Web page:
Employee Benefits Live 2017: Team GB Paracycling provides its athletes and employees with a range of personalised support measures in order to help staff manage high demand workloads in the professional sporting industry.
Presenting the closing keynote address at the end of the first day of Employee Benefits Live 2017, Jon Norfolk, head coach at Team GB Paracycling, said: “So we’ve got a high pressure environment. But with that high pressure comes high support. […] Everybody’s support network needs to be very, very different and I think for athletes, to be very aware of what they’re good at, what they need support in, and that will determine what they’re support network looks like.”
In his session, Norfolk highlighted three key principles that govern how Team GB Paracycling provide personalised support for its staff and athletes. This included having a people focus, where coaches and leaders have a personal understanding of their employees and athletes to understand what motivates them; in order to create the right environment for staff and athletes to perform to their full potential; and having systems in place that help management and coaches measure how employees and athletes are performing on a day-to-day basis to help track improvements and development opportunities.
“We can determine if we’ve got the right people to achieve those performance, if we have the right systems in place to measure those performances, and basically [determine if] we are putting our eggs in the right basket and working on the right areas. From a top level point of view, I need to create a really sharp vision. We need to get people excited and motivated. What we’re asking athletes and our staff to do is a lot. We’re asking them to commit in work, out of work. It’s a big ask, a big demand so [we’ve] got to attach people to what that destination looks like and feels like and what the outcome[s] are,” Norfolk added.
Norfolk used real-life case study examples to demonstrate how working practices in the sporting industry follow these guidelines to provide tailored support for athletes and staff. For example, ensuring that communications remain identical throughout training as well as on event day so that athletes know what to expect. This helps to provide a distraction-free environment that enables the athletes to perform at their best. For teams, individuals are communicated to on a one-to-one basis as well as collectively because this lets each athlete air their views and feelings without the potential prejudice or bias of being surrounding by their teammates, added Norfolk.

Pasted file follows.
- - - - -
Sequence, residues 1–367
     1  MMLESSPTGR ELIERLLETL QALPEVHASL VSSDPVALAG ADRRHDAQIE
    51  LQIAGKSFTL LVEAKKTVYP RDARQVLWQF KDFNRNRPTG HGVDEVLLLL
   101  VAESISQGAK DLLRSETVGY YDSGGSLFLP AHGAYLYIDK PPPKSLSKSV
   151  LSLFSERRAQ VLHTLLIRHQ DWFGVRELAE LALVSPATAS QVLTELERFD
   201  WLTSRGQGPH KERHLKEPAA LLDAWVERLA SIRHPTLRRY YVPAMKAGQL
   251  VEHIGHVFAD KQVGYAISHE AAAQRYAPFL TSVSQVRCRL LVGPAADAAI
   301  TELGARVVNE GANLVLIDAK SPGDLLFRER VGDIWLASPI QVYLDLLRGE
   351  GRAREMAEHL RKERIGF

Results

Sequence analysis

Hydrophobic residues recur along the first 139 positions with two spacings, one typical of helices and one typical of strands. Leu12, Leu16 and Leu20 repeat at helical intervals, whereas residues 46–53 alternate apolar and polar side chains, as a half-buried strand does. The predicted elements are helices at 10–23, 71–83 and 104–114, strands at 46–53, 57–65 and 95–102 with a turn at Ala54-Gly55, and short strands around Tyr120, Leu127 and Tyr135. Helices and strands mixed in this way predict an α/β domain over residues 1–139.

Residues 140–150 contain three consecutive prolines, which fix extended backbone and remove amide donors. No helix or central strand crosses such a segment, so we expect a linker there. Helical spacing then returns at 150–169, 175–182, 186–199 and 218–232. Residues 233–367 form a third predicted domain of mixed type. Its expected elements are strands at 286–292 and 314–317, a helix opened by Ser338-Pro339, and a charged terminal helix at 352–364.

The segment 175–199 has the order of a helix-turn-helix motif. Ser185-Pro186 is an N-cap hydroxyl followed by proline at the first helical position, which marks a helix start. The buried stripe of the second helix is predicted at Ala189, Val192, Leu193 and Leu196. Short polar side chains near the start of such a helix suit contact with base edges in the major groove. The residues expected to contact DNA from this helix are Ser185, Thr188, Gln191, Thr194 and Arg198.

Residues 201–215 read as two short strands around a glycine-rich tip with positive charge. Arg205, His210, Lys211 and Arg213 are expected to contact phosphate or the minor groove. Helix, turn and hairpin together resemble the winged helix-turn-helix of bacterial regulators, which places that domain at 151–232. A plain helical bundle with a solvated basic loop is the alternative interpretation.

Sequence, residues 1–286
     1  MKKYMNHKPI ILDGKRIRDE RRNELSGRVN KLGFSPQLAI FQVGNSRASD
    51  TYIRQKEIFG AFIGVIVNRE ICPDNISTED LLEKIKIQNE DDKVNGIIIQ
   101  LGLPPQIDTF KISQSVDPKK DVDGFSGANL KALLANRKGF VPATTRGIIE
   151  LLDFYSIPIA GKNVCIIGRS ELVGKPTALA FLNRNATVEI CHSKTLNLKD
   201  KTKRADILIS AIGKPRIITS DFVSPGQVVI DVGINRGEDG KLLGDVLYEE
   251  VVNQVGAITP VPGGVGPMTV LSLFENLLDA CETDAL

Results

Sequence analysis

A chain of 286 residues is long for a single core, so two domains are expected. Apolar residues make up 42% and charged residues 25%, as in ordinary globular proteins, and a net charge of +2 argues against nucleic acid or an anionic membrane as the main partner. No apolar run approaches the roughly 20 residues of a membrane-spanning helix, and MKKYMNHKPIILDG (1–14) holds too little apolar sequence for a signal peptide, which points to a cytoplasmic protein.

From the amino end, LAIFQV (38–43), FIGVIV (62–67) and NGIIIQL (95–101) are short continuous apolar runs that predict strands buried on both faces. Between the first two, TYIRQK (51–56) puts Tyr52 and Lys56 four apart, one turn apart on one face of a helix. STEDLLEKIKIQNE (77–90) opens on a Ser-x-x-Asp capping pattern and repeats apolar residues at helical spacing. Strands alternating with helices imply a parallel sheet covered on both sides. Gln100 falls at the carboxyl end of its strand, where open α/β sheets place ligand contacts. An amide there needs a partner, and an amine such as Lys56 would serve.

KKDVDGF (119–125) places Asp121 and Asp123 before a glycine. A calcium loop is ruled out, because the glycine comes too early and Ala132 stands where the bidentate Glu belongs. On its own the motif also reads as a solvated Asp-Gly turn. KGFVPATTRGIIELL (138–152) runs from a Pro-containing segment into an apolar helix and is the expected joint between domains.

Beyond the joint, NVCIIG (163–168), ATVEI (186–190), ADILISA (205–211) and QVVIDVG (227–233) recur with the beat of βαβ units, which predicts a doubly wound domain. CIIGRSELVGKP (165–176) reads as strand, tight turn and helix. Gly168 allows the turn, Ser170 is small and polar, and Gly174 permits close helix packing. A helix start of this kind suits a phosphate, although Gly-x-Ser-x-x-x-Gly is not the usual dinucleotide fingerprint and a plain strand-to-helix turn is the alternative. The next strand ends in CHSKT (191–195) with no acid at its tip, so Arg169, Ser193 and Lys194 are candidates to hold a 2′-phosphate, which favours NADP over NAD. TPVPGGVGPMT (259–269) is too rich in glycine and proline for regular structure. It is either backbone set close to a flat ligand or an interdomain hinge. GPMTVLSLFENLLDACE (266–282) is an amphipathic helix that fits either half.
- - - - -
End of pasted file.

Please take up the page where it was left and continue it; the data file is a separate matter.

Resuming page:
“What we try and do is be proactive in what our training, racing and planning environments look like. [Employees] can choose what [their] environment looks like and feels like. [They] all have a comment on what’s it like to work where [they] work. We all have a choice on what our personal environment and work environment looks like and feels like,” he said.
An employee’s ownership over their own job role is additionally something that is empowered within Team GB Paracycling. For example, parathletes were given the opportunity to suggest to coaches the method by which they would be selected for the 2016 Rio Paralympic Games team, with only places for two out of five parathletes.
Flexibility and the ability to adjust to change is also a key driver of work in the sporting industry. This is supported by technical systems and processes that help inform changes and development. Norfolk said: “If you can measure it, then there’s a process there. If you can measure it, you can improve it.” In addition, being able to adapt quickly to change also ensures that the organisation and athletes alike remain competitive, with any obstacles reacted to in a mindful way to protect against any negativity.
He said: “We need to make sure that we develop good people as well as good cyclists. [Employers] have got to be aware of the obstacles and changes, but [employers] also have got to be very mindful of what you choose to do with those environments. It’s quite easy to react to change negatively, but to decide how [employers] want to react to something is a really powerful place to be.”